Across Africa, children in rural areas are just as likely as
children in urban areas to sleep under ITNs, which are
commonly distributed for free in national, communitybased
distribution campaigns. Yet while there is equity in
sub-Saharan Africa as a whole, some countries have glaring
disparities. Recent surveys in Burkina Faso, the Central
African Republic, Niger, Uganda and the United Republic
of Tanzania show that urban children in these countries
are at least twice as likely as rural children to sleep under
ITNs. Throughout the region, rural children with fever are
less likely than urban children to receive antimalarial drugs,
which are mainly provided through clinics.
In all sub-Saharan African countries for which such data are
available, there is a strong relationship between household
wealth and the utilization of ITNs and antimalarials by
children. Children in the richest households are 60 per cent
more likely than children in the poorest households to sleep
under ITNs, and they are 70 per cent more likely to receive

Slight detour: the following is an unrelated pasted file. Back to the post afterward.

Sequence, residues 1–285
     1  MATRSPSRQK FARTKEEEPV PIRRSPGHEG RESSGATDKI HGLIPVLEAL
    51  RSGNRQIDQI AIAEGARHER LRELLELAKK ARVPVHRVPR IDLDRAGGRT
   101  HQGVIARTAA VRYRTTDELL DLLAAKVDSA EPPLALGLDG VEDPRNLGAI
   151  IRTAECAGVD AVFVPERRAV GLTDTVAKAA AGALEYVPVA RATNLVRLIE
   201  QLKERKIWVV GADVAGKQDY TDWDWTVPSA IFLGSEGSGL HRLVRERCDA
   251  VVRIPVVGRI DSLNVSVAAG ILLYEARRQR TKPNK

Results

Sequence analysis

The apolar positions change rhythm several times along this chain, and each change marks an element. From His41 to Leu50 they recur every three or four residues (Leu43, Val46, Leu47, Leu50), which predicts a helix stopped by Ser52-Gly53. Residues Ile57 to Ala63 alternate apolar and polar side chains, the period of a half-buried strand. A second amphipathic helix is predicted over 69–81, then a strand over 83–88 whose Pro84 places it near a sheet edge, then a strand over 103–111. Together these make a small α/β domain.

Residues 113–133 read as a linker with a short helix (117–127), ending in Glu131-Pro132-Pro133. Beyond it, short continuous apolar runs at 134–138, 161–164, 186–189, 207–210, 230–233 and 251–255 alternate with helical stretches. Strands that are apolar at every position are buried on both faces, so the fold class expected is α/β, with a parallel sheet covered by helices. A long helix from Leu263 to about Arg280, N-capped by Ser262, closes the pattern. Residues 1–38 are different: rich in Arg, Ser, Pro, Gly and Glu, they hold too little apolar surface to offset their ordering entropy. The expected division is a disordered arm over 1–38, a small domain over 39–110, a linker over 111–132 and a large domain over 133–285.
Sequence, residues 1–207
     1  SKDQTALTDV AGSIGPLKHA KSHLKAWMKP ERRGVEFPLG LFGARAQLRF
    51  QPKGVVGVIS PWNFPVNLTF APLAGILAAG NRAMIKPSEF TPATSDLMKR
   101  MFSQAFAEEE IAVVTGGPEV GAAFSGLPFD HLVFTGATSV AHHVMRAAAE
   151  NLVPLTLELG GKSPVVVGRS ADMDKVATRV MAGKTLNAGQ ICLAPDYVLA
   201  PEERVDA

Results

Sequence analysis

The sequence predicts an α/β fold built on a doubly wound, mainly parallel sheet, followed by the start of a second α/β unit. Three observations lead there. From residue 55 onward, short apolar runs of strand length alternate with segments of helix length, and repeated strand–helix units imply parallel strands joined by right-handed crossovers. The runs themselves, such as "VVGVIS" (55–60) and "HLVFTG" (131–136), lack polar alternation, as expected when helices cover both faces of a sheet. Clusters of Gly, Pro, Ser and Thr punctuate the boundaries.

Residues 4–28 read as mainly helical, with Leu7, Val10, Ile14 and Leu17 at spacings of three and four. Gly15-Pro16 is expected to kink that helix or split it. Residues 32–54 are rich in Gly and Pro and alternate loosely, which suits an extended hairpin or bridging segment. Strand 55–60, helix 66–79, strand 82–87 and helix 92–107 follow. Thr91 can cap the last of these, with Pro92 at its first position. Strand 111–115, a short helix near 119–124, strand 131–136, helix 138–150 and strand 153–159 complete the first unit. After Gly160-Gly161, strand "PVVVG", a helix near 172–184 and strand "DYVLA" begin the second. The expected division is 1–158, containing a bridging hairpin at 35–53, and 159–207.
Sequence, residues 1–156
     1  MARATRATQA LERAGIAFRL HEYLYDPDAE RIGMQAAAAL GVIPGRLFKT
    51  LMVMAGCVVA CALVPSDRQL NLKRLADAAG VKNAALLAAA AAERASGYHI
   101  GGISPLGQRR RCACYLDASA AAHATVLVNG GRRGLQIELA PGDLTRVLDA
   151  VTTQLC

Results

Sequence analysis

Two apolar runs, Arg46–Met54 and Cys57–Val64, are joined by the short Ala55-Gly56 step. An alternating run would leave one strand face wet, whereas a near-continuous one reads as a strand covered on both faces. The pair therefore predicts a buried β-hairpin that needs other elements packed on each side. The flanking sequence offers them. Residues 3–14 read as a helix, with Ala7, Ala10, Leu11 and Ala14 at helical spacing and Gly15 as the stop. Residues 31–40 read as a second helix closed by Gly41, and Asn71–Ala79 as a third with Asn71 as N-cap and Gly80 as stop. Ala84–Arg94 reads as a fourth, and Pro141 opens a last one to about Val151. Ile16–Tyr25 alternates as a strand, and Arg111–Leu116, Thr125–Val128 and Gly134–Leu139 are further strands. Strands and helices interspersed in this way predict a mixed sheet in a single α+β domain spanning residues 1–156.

antimalarials when they have a fever.Recent survey data
from Angola, Burkina Faso, Cameroon, Chad, Côte d’Ivoire,
Guinea-Bissau, Nigeria and Somalia indicate that children in
the richest households are at least twice as likely as children
in the poorest households to receive antimalarials when
they have a fever.
While disparities by area of residence and household
wealth exist, boys and girls are equally likely to benefit
from key malaria interventions.
Such disparities point to the importance of considering
how existing financial, geographical and social barriers
affect the most vulnerable populations. These barriers
must be taken into consideration when planning the
delivery of services.